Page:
Tuesday, September 11, 2012

Concert Review - KISS and Motley Crue

Last month I took my wife and young son to see KISS and Motley Crue. This was their first time for KISS, and my first time for Crue. I was very excited to ‘pass the torch’ of KISS fanaticism to my son, and for my wife to see why KISS puts on the best show in the biz. I honestly gave no shits about seeing Motley Crue and was actually bummed that the two bands were splitting the night, because it meant less KISS.

But in the end, I had it backwards. Motley Crue wiped the stage up with KISS’ fake wigs and rehashed costumes. I left the show with the final, incredible conclusion that KISS should hang up their boots and call it a day.

Let’s back up. First of all, Crue was not appropriate for my son at all. KISS after about 1978 has always been fairly ‘family friendly,’ with minimal swearing and pretty much the most offensive thing being Simmons waggling his codpiece and Stanley swaggering mid song about meeting him and Gene in the ladies room.

Crue dropped the f-bomb so many times in its set that I almost became immune to it. There were at least three semi-clad hotties grinding around onstage in various costumes for almost every song. Put it this way – the last thing we saw of Crue’s set was Tommy Lee at the front of the stage screaming “I say Motely, you say Crue; I say FUCK, and you say YOU.” Let’s just say that Mitt Romney probably won’t accidentally use a Crue song at a campaign rally next month…

But having said that, Crue’s stage and performance trumped KISS in every way. Crue’s set was like some kind of apocalyptic circus. It looked like something inspired by a meth-addled combination of Blade Runner, Alien and Barnum & Bailey. Random steel out-croppings, huge guns mounted on turrets that shot water into the crowd, four giant slowly spinning industrial fans on stage left, where amps would usually be, chains hanging from the light truss, lights, lasers, fire, smoke, and then the mother of it all, which was Tommy Lee’s drums set. It sat at the bottom of a circular roller coaster track, and during Lee’s solo, the drums rolled all the way around it, 360 degrees.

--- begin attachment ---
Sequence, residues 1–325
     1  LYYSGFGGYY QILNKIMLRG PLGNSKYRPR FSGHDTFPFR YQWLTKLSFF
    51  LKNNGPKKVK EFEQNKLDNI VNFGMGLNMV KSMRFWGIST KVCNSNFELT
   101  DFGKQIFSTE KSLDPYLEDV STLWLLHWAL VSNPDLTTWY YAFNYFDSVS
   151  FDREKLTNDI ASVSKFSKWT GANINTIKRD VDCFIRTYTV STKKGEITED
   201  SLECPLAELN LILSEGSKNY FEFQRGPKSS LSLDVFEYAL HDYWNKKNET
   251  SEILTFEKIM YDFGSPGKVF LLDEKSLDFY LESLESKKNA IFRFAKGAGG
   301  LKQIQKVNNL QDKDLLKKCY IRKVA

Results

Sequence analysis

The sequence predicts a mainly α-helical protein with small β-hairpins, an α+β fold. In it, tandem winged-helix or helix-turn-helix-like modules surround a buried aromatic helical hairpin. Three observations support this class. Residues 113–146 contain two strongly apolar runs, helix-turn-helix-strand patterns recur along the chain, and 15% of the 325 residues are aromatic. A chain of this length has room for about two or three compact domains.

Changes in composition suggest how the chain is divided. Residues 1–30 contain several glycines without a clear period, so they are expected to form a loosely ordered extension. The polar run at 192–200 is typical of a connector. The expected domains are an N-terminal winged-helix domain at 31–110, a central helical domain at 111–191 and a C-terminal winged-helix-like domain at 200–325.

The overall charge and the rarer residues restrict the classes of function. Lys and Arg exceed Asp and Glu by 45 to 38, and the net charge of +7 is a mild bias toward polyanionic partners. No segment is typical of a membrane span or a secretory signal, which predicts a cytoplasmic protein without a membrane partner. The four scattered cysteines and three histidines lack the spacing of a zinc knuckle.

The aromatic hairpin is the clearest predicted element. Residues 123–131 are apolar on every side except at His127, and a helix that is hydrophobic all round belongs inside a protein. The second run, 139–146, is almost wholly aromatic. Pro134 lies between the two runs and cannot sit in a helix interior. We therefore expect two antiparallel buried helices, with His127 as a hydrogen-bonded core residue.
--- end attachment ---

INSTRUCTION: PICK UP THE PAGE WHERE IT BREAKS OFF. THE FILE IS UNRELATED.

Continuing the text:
And then there was the music. I am not a big Motely Crue fan, or wasn’t before coming to the show. But like when I saw ZZ Top, I came away from the show converted. Crue has a trove of great tunes, and they played them really well. I thought Vince Neil’s voice was solid. And Mick Mars – no idea how good he was on the guitar. The dude can really play. I was honestly very impressed with his skill and how unique of a style he has on the axe.

The band also pulled off the KISS-like challenge of making every band member equally interesting. They basically looked dirty. They looked like they came off of a really dusty construction site in Hell, strapped on their guitars and hit the stage, no time for a shower. But it worked with the overall stage motif. So when their set was done, I turned to my wife and said “OK! That was really good.” Rather, that was really FUCKING good, as Tommy Lee would have had me say.

Then after an amazingly short set break, during which probably the hardest working stage crew in the business took down Crue’s set and assembled KISS’, the lights went down, the bass rumble thundered through the speakers, and then the familiar “allllll right, Portland. You wanted the best. You got the best. The hottest band in the world. KISSSSSS!”